CONSTRUCTION bosses have been urged to take steps to prevent the growing trend of unauthorised people sneaking onto sites to take footage of themselves to post on social media.
Kai Stok, owner of Stok K9 Security Services, told Project Plant these individuals are potentially endangering their own lives – and those of others – by partaking in high adrenaline feats like climbing up structures or even onto equipment like cranes.
With Covid-19 leaving many businesses re-evaluating their security strategies, Kai said construction chiefs should opt for companies with ethical practices to handle their sites. Formally a dog handler, in 2018 Kai decided to set up a security company where those representing the firm are well treated and positively reflect both his business and the security sector generally.
The 32-year-old believes the company will become one of the biggest dog handling security firms in the UK within the next five years, attributing much of the initial success to being honest with clients – even if it means potentially missing out on jobs.
“In all honesty, we have won a lot of contracts by saying that we can’t achieve (a client’s) timescales, or we haven’t got the right team to do this job at the moment,” he explained.
“A lot of firms appreciate the honesty and will wait for us to compile the right team, as they’d rather that than a company taking on the job and just seeing how it goes from there.”
Kai’s firm undertakes security for a number of industries, including construction. He explained a growing trend is youths scaling large pieces of machinery or structures on site – with the whole thing being filmed for social media. It goes without saying, such activities present immense dangers – not just for the individuals, but also those who work on sites.
Kai explained that the wellbeing of workers is put at risk once structures and equipment are tampered with.
He added that it is important to reach an understanding with youngsters to try and steer them in the direction of safer exploration – such as local nature parks – all the while ensuring they are aware that entering the site puts them at risk of not only facing the hazards present, but also a trained dog.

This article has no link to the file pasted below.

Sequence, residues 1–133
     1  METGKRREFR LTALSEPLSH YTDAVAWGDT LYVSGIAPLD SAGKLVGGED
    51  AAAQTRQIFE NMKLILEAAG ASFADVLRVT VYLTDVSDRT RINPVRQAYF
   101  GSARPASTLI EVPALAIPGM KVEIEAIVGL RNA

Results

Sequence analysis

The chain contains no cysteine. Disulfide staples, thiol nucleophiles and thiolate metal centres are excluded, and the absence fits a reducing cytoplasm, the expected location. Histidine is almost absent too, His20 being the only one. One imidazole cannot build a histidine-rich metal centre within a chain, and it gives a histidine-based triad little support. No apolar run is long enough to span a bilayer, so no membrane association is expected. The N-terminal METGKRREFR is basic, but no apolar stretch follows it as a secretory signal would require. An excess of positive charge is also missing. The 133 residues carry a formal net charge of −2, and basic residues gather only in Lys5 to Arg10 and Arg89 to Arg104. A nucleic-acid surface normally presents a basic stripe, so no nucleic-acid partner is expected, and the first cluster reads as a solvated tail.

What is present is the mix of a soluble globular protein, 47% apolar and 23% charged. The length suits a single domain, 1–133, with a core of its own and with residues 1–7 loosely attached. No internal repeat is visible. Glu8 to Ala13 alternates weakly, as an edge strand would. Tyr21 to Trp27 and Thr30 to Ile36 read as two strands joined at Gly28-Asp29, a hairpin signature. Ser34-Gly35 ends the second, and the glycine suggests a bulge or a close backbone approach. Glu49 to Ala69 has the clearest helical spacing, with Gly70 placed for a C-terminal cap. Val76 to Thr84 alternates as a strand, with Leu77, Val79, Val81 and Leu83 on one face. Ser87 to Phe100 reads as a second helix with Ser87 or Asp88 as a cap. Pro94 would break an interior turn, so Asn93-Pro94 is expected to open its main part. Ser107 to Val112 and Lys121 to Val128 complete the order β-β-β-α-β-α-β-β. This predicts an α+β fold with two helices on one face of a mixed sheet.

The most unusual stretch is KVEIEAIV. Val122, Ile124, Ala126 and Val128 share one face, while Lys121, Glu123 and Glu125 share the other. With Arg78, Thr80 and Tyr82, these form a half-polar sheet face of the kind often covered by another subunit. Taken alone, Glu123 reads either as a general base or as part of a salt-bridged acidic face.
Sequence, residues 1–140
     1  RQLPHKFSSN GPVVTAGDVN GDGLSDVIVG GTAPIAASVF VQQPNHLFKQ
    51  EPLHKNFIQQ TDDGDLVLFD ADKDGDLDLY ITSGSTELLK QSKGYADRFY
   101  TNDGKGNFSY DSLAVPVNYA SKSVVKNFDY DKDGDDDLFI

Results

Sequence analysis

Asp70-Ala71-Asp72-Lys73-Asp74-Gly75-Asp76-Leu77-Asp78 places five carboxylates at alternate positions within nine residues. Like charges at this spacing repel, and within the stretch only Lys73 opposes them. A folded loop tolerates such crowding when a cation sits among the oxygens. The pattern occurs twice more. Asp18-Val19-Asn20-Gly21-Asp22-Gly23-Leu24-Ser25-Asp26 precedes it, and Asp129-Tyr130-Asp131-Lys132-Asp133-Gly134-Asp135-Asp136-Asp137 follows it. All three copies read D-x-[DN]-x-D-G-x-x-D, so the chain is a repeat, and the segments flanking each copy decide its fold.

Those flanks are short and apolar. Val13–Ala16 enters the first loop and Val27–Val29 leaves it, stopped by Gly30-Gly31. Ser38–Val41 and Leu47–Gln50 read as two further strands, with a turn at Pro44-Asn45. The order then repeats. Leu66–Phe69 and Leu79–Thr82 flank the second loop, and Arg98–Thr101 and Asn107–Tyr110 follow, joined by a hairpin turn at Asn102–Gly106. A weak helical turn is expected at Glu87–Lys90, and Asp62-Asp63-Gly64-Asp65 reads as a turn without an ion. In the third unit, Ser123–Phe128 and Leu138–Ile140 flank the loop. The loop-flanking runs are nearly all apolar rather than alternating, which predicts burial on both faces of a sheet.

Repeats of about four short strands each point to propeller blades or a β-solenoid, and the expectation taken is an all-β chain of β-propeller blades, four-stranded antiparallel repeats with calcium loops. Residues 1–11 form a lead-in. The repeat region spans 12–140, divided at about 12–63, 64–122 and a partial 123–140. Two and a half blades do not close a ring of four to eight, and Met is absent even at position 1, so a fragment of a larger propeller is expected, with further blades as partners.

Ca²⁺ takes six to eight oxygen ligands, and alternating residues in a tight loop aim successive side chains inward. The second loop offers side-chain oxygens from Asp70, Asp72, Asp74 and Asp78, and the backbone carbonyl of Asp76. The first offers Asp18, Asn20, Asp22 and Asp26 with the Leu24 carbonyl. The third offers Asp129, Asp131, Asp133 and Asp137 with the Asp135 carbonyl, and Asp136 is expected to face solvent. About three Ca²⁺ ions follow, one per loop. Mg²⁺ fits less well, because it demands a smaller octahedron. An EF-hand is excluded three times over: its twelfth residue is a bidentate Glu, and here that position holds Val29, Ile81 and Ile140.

It is worth noting that whilst security dogs are highly trained, they are unable to differentiate between a youth seeking a bit of fun with no malicious intentions and a sophisticated thief ready to loot the site. All they see is a threat trespassing. It is therefore essential that these dogs and their handlers are appropriately qualified and vetted.
Kai confirmed fake dog handling paperwork is a ‘very, very unfortunate reality’ in security. He explained, “We screen and vet our dog handlers; we make sure they have their relevant training. We make sure they have adhered to the British standards and we make sure that – apart from our own business public liability insurance – they have their own. The reality of the industry is that 95% of the dog handlers in the security industry are self-employed, so they can work for several firms. We make sure that they have their relevant paperwork and training and if you don’t have that you cannot go on our books and you cannot work representing our company.”
The use of dogs on site is something that Kai encourages construction firms to consider. Not only does it act as a deterrent to intruders, but also offers protection to the security guard – both from a comfort and confidence point of view, and also in that the dogs provide heightened senses that technology simply can’t.
He revealed the Covid-19 pandemic has left many construction firms making cuts to security budgets, resulting in many cases of just one guard patrolling at a time and thus not being able to cover the whole site.
Kai said in the current climate, dogs can offer a cost-effective solution. “You have to have physical security on site,” he said. “A lot of contractors believe that having CCTV alone is good enough – that it is going to deter theft (and) vandalism from occurring on site. But, to be honest, having on-site security will avoid this from happening; if they see any potential signs of entry, they are going to react to it immediately.
“What I would suggest is to sort of monetise the consequences of having your site vandalised and having a lot of machinery stolen and see how that affects your financial situation, your projects in terms of delays and potential claims should a trespasser be injured on site. Evaluate what you find and consider whether it’s worth not having security – how much could this cost you?”